Accurate Current Sensing and Pushing

Hello all,

I am building a very complex multi-dimensional magnetic levitation device. I have full functionality using l298h motor bridges, however these can not support the amperage we will need when the device undergoes up to 9 gs.

Battery: 11.1v with up to 90 amps burst.

As per our calculations, at most we will be pushing 8.7 amps of current. So, I will need two devices:

One that is compact, accurate with error less than 1%, can read many times a second, interfaces with arduino, and can handle up to 8.7 amps of current.

The other must also be compact, interface directly with the battery, can handle harsh adjustment of current quickly, and also has a very low error.

Any help is greatly appreciated, including help with logic to control three solenoids using a given device. I have been on the software side for several years but am just getting into hardware.

Thank you!

So want bandwidth do you need in this current sensor?

This is too vague:

can read many times a second

Ditto:

can handle harsh adjustment of current quickly

My apologies.

Being new to the hardware side of things, I struggle to understand what you mean by bandwidth, but I believe you're asking how many times/sec it would need to be able to read?

Is it unrealistic to be looking for something to measure 8,000 times/sec and sample that at 16,000 times/sec ? That is what I've built my current model around.

The same would be ideal for the current pushing device, if at all possible.

Thank you for your help and patience, just trying to learn.

Is it unrealistic to be looking for something to measure 8,000 times/sec and sample that at 16,000 times/sec ? That is what I've built my current model around.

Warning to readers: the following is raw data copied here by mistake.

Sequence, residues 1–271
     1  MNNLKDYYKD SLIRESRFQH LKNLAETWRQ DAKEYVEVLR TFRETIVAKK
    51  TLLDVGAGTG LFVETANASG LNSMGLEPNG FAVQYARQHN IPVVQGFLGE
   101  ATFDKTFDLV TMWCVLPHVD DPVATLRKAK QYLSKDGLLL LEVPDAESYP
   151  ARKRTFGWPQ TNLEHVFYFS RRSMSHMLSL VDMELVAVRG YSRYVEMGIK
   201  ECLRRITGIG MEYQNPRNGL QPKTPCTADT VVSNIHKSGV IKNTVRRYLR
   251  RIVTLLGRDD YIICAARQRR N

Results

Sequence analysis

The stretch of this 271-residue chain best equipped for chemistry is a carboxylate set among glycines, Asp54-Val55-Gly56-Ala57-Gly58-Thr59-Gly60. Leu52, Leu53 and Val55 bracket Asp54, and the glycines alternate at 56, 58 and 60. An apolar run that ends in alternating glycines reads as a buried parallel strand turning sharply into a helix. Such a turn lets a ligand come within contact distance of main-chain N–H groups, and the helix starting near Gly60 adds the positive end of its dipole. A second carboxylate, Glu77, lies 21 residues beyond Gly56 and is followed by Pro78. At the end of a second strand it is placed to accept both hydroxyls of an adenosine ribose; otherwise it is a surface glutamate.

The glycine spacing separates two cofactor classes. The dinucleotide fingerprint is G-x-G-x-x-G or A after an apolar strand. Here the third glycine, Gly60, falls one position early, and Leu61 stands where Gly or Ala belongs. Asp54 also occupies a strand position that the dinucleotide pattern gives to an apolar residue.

No, you can't measure at one rate and sample at another, measuring is sampling!

Lets say 16kSPS. That's beyond the default range of the Uno ADC.

For accuracy/precision of 1% I'd suggest a shunt + opamp differential amp circuit to boost the voltage.
Typical instrumentation amps are rather slow, so I'd go with a fast precision rail-to-rail opamp
or a specialised current sensing chip, which is basically a packaged precision differential amp.

Have the shunt on the gound return, so its not jumping about at high voltage. I presume you aren't
reversing current? Otherwise you'd have to sense on the ground return of the motor driver.

Routine values of 10A and sporadic surges of say 30A would suggest a shunt value of around 5mΩ,
meaning something like a x50 gain on the differential amp would be good. That would give 250mV/A
sensitivity.

To avoid being swamped in PWM switching noise its best to do the ADC readings in lock-step with the
PWM waveform (using one of the timer libraries to both provide an easy interface to the time overflow
interrupt and set the PWM rate).

I think you meant precision, not accuracy, BTW, in your original posting?

MarkT:
No, you can't measure at one rate and sample at another, measuring is sampling!

Lets say 16kSPS. That's beyond the default range of the Uno ADC.

So am I correct in my saying that the Arduino maximum ADC read is 10,000/second?

MarkT:
For accuracy/precision of 1% I'd suggest a shunt + opamp differential amp circuit to boost the voltage.